MRS. Moffet was in despair. No wonder. Here she was, “a lone lorn widow,” who having been left in straitened circumstances—with only the house in which she ived to call her own—had been reduced to the dernier resort of taking boarders. Now calamity had come upon her, she was about to lose her best-paying boarder—lose him just as the winter was coming on, and the thousand and one extra expenses which cold weather is certain to create all to be met.
Mrs. Moffet was a meek little woman, timid and retiring; she disliked change in her household affairs, she had disliked worry and anxiety, being naturally cheerful and lively in disposition, and she did like Mr. Montgomery. And now this cold morning in the early winter Mrs. Moffett was forced to stand face to face with the truth. He was going away. And why? Ah, that was the worst of it! He had lost money—a large amount—from his room, and refused to longer remain in a house where thieves were harbored.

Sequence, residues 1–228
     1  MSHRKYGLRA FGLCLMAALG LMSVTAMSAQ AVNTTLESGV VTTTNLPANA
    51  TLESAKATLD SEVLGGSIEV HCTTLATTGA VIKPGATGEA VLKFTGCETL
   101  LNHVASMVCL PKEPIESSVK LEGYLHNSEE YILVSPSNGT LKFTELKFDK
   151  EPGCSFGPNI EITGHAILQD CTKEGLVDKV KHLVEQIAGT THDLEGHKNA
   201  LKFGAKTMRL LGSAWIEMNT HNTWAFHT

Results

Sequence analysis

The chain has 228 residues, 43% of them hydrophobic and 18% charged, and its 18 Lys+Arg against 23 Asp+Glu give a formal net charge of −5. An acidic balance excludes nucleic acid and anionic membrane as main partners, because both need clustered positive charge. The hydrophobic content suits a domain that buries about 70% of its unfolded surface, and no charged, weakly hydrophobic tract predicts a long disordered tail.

Mrs. Moffet listened… Read More